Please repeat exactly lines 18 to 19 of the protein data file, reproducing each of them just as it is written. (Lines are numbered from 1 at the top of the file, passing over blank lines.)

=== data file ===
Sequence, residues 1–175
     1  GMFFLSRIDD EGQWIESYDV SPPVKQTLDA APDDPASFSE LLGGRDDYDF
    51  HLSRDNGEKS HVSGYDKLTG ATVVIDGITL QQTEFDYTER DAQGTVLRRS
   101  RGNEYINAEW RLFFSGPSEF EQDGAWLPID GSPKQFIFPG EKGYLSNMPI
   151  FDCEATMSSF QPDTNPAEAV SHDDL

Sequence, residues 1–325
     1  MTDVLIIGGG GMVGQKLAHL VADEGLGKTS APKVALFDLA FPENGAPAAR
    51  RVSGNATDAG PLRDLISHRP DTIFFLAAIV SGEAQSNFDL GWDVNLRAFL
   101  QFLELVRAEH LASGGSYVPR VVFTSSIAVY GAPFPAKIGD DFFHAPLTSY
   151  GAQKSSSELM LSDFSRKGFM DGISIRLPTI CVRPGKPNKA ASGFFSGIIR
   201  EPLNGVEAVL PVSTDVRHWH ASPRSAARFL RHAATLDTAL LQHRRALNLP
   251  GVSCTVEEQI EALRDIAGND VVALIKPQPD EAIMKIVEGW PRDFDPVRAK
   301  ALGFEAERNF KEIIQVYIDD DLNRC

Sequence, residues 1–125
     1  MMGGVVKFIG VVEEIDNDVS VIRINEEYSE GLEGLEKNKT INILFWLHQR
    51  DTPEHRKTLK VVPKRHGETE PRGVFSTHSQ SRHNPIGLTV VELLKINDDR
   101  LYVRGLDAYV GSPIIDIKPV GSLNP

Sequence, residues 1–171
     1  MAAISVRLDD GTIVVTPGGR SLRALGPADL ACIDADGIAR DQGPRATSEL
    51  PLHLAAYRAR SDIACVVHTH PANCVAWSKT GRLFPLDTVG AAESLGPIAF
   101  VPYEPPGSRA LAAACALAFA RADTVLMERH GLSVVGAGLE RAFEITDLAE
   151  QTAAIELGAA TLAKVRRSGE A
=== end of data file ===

Sequence, residues 1–171
     1  MAAISVRLDD GTIVVTPGGR SLRALGPADL ACIDADGIAR DQGPRATSEL